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Thursday August 13, 2009

The 'idea guy' behind Tim Hortons saw others get rich while he went bankrupt

Entrepreneur was the ill-fated hockey player's first partner in the little doughnut chain that grew

Special to The Globe and Mail

Continued from Page 1

In any event, Mr. Charade had to sell his house to make ends meet. As related in Mr. Hunter's book, he sat down with Mr. Horton and said, "Tim, you've got it made. It's me that's got trouble. I'm not a hockey player. Nobody's going to want my autograph anywhere."

By this point, Spencer Brown, the original franchisee in Hamilton, had sold to an unknown Englishman, who was skimming the profits, a situation that helped prompt Mr. Charade and Mr. Horton to form a new company called Tim Donut Ltd. on Jan. 27, 1965.

In about a month's time, Mr. Charade ran into Mr. Joyce, a Hamilton police officer who operated a Dairy Queen outlet. Almost immediately, Mr. Joyce became the new franchisee.

Despite Mr. Charade's financial problems, he and Mr. Horton continued their business relationship for a few more months, although Mr. Joyce complained that he was getting no support, especially from Mr. Charade.

By early 1966, it became apparent that Mr. Charade had to leave, and he resigned. His deal with Mr. Horton amounted to about $10,000 - but there was no cash. Mr. Horton assumed a lot of debt and Mr. Charade walked away with next to nothing to show for his pioneering efforts.

"Dad was in dire straits," his son André said. "The banks ruled you."

As Mr. Joyce recalled, "Jim was an ideas guy. He had the idea for this company, the basic fundamentals, but he didn't execute. Jim didn't have any money and relied on employees, but you need to depend on leadership."

It took a few months, but Mr. Horton and Mr. Joyce agreed on a partnership in September, 1966. Mr. Horton became president and Mr. Joyce vice-president.

Mr. Charade worked as a salesman for two years with Manufacturers Life Insurance - until doughnuts lured him away again. He went on to direct franchise sales for Mister Donut in New England and Canada, a move that irritated his former business associates.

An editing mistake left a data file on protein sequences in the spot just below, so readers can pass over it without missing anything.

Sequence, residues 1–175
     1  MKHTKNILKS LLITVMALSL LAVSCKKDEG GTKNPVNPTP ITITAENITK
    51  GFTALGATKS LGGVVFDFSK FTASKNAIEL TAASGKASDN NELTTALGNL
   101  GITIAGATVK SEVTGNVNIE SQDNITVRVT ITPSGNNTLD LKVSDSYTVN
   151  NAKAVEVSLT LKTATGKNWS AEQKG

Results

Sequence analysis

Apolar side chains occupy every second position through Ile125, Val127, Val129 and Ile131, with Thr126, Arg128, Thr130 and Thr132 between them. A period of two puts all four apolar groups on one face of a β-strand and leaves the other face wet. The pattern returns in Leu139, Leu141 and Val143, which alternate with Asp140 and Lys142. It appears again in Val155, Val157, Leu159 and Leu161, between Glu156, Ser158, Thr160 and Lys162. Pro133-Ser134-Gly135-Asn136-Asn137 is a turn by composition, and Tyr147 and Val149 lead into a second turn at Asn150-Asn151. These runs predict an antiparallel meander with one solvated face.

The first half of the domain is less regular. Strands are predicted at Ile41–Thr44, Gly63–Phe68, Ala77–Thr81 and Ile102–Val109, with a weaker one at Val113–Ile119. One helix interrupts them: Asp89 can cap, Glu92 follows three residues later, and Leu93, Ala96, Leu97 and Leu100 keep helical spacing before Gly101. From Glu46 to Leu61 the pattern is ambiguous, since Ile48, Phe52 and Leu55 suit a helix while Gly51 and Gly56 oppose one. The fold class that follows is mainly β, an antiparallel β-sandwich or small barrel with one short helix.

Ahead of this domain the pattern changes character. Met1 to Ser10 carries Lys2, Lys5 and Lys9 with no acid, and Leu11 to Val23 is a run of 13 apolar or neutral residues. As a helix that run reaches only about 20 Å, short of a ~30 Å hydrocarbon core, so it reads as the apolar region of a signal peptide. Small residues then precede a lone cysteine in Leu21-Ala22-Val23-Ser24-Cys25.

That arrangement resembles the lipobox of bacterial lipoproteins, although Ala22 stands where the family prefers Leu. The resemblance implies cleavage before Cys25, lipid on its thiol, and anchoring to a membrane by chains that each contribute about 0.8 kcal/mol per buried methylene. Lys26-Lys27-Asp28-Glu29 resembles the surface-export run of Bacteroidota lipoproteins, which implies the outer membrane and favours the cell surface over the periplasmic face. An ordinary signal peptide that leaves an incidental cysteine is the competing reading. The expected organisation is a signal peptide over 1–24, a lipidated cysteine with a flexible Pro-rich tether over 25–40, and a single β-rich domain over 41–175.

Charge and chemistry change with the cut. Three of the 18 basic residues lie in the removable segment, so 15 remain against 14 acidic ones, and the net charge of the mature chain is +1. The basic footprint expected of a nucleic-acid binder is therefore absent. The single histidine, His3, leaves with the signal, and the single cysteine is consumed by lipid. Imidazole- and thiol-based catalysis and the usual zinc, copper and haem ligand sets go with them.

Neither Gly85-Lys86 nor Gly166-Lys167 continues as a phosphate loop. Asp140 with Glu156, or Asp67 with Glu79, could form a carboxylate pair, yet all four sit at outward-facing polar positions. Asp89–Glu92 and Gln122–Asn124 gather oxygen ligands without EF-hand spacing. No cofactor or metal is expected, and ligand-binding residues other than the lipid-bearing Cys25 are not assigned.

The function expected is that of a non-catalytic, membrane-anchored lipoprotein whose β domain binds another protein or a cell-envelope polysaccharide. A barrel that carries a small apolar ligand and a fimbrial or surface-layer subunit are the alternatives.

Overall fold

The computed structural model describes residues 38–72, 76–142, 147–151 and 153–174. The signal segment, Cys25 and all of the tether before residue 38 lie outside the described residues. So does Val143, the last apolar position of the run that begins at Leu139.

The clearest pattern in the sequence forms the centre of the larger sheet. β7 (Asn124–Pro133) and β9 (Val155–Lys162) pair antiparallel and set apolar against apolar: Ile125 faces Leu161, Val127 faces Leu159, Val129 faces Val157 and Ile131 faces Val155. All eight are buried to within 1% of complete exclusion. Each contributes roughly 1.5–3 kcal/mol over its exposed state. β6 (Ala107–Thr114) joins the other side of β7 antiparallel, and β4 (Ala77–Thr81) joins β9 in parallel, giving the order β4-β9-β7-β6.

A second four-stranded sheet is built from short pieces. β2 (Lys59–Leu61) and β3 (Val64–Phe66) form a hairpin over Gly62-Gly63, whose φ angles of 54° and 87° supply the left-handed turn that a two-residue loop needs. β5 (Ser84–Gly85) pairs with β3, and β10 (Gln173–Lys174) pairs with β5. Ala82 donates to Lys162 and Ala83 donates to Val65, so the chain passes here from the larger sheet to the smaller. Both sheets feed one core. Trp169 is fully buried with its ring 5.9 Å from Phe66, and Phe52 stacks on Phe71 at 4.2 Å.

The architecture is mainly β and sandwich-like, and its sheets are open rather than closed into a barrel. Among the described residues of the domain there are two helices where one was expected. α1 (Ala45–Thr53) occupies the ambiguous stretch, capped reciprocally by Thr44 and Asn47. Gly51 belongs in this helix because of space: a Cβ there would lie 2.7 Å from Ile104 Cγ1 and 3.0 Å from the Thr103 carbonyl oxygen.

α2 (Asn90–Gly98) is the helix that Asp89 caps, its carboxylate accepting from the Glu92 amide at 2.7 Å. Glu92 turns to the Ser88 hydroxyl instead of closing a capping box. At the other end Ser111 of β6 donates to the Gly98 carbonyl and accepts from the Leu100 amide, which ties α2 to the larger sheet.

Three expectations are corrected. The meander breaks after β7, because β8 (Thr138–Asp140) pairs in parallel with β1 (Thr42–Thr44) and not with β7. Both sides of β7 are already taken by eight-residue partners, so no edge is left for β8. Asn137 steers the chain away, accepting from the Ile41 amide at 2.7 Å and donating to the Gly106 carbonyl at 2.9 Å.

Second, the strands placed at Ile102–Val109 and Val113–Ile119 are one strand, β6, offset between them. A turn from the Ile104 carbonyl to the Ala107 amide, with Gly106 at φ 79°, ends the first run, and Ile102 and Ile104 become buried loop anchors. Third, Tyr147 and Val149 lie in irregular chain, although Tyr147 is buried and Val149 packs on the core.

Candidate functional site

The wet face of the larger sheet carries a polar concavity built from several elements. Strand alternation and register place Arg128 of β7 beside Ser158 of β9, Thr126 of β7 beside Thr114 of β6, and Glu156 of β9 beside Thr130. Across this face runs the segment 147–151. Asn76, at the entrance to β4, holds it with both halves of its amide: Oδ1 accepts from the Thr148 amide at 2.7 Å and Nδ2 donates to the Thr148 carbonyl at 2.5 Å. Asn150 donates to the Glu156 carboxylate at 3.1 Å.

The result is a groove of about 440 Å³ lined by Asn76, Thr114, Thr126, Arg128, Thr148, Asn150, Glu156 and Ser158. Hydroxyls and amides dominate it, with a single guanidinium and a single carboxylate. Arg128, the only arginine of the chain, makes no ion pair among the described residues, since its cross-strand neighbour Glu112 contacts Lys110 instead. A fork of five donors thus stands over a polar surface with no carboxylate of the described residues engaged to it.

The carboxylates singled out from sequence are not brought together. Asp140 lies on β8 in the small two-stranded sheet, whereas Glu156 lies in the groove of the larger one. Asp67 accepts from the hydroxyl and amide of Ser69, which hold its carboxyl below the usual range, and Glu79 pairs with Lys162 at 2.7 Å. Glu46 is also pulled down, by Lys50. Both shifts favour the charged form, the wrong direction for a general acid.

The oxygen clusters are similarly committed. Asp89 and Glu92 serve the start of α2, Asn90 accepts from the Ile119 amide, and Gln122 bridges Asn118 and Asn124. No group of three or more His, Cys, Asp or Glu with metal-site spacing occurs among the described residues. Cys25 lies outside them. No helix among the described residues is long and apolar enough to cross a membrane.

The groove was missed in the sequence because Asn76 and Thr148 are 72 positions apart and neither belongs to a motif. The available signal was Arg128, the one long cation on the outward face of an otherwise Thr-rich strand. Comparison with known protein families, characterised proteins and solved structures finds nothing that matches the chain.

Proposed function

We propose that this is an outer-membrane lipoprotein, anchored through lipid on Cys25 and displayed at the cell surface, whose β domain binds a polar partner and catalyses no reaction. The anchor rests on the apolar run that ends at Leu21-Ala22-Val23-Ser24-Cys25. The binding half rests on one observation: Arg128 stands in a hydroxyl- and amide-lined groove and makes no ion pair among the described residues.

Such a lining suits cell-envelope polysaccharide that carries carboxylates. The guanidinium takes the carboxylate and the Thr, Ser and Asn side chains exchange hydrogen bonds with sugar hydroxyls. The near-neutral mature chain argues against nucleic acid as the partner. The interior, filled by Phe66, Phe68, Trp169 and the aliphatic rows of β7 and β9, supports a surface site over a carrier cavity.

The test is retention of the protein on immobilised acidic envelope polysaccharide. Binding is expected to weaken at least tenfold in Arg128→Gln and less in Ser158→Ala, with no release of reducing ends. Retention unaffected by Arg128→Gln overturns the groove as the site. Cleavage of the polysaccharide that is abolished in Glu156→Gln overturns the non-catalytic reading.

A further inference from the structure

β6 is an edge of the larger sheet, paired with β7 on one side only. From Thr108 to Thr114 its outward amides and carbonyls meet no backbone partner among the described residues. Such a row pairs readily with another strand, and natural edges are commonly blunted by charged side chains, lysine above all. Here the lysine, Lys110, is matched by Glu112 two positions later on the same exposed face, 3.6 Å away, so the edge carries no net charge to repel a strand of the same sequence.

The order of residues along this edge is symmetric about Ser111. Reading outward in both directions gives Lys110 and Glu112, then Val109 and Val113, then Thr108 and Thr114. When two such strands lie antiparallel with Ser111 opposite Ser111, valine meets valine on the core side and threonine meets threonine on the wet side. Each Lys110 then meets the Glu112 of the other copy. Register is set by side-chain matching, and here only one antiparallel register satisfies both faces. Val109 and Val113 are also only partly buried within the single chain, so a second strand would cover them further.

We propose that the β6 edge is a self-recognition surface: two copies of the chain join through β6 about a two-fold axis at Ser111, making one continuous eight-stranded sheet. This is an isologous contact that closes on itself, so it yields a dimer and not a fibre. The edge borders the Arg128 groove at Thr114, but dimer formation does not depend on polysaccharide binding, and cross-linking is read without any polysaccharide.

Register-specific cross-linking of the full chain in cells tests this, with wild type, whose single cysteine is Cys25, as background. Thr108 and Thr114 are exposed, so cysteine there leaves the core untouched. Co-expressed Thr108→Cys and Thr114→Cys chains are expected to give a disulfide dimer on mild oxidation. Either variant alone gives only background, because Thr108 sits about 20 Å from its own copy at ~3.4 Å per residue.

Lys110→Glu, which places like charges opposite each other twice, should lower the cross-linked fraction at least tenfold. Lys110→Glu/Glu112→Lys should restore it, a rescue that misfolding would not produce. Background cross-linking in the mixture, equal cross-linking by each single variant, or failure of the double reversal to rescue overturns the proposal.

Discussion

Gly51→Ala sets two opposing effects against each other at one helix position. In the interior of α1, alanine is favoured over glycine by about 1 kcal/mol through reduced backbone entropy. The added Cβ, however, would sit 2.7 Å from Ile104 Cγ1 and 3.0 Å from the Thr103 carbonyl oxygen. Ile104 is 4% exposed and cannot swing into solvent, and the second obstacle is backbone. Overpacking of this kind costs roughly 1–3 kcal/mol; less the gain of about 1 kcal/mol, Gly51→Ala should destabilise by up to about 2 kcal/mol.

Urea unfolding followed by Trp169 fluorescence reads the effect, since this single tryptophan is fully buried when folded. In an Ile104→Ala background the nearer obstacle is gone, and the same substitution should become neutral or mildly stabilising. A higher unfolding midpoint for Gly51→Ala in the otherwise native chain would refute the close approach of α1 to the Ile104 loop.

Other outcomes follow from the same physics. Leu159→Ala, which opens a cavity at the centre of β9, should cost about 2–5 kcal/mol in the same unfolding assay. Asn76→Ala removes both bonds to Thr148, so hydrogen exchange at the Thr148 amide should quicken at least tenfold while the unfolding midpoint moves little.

At one point in 1970, some four years after he had initially departed, Mr. Charade was hired back by Mr. Horton and Mr. Joyce to sell franchises, a period that covered nine months. He even took over operation of a store.

Then, for the next 20-odd years or so he worked at a number of sales jobs, suiting up for AAMCO Transmission in Philadelphia, MAACO, the auto-body and auto-painting company, and Meineke Car Care Centres out of Atlanta, Houston and Charlotte, N.C. He was a franchise sales manager for Ron Smythe, a friend from the AAMCO days, who expanded Meineke from 100 shops to 1,000.

"Jim was very genuine, very sincere and very personable," Mr. Smythe said. "That's why he was so good at franchising."

Then a life-shattering event happened on Feb. 21, 1974: Mr. Horton died after flipping his sports car near St. Catharines, Ont., while driving from Toronto to Buffalo, where he played for the Sabres. Before he jumped into his car, Mr. Horton had been drinking at Mr. Charade's apartment in Toronto.

"When Tim died in the car accident, my father was so distraught he spent the whole day in the bathroom," his son André said. "I remember coming home from school and my dad did not want anyone to see him with any trace of tears in his eyes. I didn't see him for two days. He lost his friend and a link to the chain he helped start that day. I can't imagine what he was going through."

Upon Mr. Horton's death, Mr. Joyce assumed control of the company along with Mr. Horton's widow Lori. In 1975, Mr. Joyce bought Mrs. Horton out for $1-million.

In 1993, Mr. Joyce was having dinner and drinks one night at Hy's, a downtown Toronto playspot, when who should he see on the drums but Mr. Charade?

Mr. Joyce asked him if he would come and work for him in what would be his third stint with the company. Mr. Charade said yes and accepted the job of finding and negotiating leases for restaurant sites.

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